1638 Small Bronze Cannons Tower of London

Five training guns in the Tower of London

The armouries of the Tower of London have a total of seven cannons made in Horsmonden. There are two large brass cannons made for Charles I and five small training cannons made for his son, the Prince of Wales who became Charles II. All of them were cast in 1638 and were cast in the presence of Charles I’s visit to Horsmonden on the 5th October that year.

Five Small Bronze Cannons

The Tower holds the remaining pieces of a set of small bronze cannon, originally fifteen in number, made for Charles II when a boy, the Prince of Wales. Of the ten remaining, half were made by John Browne in 1638 and the other half by Thomas Pitt.

The gun is inscribed with the badge of the Prince of Wales – crown with three feathers and motto “Ich Dien” (I Serve) flanked with the letters C and P (Caroulus Princeps). Also inscribed with “John Browne made this peece 1638”.

The Prince of Wales had ten of these guns in total, five made by John Browne and five made by Thomas Pitt.


Founder: John Browne
Type: Brass Gun
Cast: 1638
Material: Brass
Calibre: 1.3″ (33mm)
Weight: n/a
Shot: n/a
Distinctive markings: Inscriptions of the badge of the Prince of Wales and “John Browne made this peece 1638”
Current location: Tower of London White Tower
ID: XIX.24-28

Notes from the Royal Armoury

Half a battery of ten similar guns made for Prince Charles, later Charles II; five by John Browne 1638 (XIX.24-28) and five by Thomas Pitt 1639 (XIX.29-33). The 1750 Guide described them as:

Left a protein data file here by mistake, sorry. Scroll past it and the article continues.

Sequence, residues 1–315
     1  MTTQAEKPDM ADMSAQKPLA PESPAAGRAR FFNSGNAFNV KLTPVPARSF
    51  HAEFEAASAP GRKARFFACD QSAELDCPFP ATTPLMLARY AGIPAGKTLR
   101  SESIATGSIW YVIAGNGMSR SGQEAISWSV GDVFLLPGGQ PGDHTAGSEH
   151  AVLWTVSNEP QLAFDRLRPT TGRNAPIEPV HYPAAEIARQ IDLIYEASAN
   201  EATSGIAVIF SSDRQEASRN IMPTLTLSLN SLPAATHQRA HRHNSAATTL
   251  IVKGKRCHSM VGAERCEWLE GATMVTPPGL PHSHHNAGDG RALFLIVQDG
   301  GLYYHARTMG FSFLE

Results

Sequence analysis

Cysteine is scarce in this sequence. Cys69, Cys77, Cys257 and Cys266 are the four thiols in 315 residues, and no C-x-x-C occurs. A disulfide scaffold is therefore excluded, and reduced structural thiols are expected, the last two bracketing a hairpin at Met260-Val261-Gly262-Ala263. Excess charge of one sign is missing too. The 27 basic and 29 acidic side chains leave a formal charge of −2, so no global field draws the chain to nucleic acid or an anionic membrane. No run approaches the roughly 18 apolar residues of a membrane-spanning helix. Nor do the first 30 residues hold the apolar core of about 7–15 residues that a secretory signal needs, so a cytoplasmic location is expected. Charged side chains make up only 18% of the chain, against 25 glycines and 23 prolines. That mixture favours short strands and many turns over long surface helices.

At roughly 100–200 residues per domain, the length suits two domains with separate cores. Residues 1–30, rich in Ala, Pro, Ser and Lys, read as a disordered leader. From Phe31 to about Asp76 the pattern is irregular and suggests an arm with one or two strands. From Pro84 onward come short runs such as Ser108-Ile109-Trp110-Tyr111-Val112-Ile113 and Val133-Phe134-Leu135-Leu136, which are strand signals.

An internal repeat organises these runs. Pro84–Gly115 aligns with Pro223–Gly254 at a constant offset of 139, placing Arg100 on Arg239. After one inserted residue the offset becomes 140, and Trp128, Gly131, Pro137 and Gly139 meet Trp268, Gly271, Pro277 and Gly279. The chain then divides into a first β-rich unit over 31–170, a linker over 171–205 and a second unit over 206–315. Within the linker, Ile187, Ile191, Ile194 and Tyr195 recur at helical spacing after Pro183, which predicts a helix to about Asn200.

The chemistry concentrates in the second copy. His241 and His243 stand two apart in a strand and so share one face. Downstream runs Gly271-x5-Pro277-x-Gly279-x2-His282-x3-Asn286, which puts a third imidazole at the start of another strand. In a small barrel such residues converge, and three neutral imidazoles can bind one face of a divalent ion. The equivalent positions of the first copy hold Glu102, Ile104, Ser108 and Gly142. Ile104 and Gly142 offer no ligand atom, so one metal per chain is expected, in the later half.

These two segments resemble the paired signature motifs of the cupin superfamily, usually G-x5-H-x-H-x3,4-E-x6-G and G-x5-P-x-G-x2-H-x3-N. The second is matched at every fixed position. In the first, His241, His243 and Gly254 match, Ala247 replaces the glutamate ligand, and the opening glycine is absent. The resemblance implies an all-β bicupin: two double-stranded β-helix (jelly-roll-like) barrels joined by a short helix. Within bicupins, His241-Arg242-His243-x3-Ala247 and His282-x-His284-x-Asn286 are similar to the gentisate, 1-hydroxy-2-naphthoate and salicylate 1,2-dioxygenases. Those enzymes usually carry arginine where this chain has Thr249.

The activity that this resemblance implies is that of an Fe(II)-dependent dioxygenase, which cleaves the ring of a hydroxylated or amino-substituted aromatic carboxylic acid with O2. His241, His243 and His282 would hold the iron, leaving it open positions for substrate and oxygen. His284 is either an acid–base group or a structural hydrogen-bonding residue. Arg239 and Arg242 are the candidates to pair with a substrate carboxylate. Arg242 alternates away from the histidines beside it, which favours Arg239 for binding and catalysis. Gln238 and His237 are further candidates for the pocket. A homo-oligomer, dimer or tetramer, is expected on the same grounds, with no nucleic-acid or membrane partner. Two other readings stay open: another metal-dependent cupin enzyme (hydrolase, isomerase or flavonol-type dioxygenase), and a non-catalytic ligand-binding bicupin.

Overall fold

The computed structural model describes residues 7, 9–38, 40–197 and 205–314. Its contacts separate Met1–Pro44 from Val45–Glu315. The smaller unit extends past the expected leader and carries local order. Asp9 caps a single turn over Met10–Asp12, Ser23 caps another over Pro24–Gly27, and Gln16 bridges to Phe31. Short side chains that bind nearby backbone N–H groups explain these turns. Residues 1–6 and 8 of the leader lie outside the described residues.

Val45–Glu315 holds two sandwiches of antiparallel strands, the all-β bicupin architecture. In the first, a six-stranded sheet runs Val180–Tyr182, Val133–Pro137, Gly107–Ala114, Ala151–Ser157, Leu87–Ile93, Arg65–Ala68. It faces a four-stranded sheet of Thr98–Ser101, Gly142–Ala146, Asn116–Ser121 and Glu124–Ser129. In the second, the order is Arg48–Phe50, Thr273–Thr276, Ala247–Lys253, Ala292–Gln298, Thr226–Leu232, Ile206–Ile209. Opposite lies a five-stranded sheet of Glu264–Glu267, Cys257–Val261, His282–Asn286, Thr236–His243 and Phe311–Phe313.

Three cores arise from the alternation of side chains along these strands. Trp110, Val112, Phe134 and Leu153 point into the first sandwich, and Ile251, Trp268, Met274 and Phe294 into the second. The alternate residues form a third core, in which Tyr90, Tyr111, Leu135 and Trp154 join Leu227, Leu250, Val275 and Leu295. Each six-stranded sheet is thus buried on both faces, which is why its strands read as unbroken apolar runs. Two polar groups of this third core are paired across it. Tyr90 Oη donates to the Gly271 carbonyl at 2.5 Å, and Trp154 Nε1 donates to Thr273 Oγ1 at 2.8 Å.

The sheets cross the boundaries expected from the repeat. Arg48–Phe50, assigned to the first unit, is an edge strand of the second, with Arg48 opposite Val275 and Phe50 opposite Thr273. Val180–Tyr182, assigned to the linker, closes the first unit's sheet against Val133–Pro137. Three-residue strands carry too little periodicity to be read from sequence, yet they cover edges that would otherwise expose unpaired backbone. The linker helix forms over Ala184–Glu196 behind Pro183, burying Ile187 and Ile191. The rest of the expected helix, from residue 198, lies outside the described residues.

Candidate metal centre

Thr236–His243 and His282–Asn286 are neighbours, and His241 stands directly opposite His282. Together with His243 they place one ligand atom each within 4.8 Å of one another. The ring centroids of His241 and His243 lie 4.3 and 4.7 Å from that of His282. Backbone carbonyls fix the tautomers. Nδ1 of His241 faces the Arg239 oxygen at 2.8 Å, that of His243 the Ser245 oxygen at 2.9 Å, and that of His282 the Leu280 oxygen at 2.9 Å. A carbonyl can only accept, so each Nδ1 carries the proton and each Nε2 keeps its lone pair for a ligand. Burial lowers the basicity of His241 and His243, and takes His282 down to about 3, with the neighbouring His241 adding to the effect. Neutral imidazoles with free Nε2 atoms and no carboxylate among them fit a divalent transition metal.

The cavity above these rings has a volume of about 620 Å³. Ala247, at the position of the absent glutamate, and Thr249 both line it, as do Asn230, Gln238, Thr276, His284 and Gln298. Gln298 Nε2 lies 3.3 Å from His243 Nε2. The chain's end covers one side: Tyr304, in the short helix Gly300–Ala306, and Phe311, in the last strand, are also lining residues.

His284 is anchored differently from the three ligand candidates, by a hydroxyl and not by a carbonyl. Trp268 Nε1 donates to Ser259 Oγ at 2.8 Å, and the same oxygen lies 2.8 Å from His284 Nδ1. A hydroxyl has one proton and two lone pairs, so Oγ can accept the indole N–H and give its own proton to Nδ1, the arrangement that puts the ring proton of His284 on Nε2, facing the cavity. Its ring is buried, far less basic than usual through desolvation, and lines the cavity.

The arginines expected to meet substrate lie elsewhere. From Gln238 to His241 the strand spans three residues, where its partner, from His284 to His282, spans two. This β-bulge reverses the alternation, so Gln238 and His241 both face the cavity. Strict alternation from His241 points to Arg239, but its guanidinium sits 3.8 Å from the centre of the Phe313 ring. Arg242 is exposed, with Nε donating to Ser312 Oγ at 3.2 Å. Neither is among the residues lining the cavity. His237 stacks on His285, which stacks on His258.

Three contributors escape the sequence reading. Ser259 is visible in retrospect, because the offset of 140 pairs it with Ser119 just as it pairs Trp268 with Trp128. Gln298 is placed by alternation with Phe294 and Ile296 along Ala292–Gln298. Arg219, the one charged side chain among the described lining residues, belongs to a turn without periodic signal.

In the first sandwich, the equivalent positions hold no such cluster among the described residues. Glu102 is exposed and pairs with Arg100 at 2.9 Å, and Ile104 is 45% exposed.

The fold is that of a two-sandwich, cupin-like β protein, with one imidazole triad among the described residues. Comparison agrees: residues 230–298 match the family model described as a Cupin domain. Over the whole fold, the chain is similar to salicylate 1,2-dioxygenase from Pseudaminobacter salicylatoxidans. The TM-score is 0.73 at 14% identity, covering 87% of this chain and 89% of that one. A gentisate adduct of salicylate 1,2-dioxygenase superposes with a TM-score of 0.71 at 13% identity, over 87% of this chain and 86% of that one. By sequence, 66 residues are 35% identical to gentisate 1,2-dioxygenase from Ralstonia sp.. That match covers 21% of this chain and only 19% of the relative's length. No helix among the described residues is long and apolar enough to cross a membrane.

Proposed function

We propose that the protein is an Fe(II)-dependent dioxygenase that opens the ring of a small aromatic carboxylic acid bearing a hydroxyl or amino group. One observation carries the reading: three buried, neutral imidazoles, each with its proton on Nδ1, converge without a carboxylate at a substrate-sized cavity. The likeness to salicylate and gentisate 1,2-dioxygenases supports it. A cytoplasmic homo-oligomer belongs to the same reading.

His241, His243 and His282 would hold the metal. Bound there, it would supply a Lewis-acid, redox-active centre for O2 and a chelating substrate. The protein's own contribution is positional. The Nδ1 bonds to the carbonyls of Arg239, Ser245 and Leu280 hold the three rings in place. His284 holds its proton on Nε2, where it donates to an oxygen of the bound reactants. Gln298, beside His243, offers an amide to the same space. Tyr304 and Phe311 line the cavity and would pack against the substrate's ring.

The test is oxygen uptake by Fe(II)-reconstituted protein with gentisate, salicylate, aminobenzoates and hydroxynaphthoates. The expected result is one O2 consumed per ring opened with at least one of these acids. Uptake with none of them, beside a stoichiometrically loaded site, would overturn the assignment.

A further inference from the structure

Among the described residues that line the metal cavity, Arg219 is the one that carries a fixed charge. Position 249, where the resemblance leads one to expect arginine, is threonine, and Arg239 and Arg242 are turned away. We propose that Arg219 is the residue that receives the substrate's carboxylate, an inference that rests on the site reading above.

‘A small Train of ten Pieces of pretty little Cannon, neatly mounted on proper Carriages, being a Present from the Foundry of London to King Charles I when a child, to practise the Art of Gunnery with’.

During the 1841 fire all the original carriages were destroyed and the muzzle of XIX.28 was badly damaged. John Brown, the son of Thomas Browne and father of John II and George. In 1614 granted a monopoly of casting brass and iron guns for the Navy. Appointed Royal Gunfounder in 1618. During the Civil War he was compelled by force of circumstances to become gunfounder to Parliament. Buried in St. Margaret’s Church Horsmonden, Kent.

Useful Links

Tower of London

Royal Amouries

Further Reading

The Armouries of the Tower of London: Ordnance Vol 1 by H.L. Blackmore

Comprehensive guide to the ordnance of the Tower. The John Browne cannons are covered in this book.